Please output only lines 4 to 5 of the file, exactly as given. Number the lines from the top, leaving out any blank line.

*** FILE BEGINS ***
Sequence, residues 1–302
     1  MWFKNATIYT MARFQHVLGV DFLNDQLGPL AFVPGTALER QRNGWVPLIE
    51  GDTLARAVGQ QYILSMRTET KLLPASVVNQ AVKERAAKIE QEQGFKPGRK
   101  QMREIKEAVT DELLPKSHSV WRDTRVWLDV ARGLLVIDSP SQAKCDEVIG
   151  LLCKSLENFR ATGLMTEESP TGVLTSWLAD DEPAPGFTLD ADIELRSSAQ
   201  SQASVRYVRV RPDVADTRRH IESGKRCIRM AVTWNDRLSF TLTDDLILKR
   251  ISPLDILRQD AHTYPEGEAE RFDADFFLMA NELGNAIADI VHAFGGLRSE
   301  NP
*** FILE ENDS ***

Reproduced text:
   101  QMREIKEAVT DELLPKSHSV WRDTRVWLDV ARGLLVIDSP SQAKCDEVIG
   151  LLCKSLENFR ATGLMTEESP TGVLTSWLAD DEPAPGFTLD ADIELRSSAQ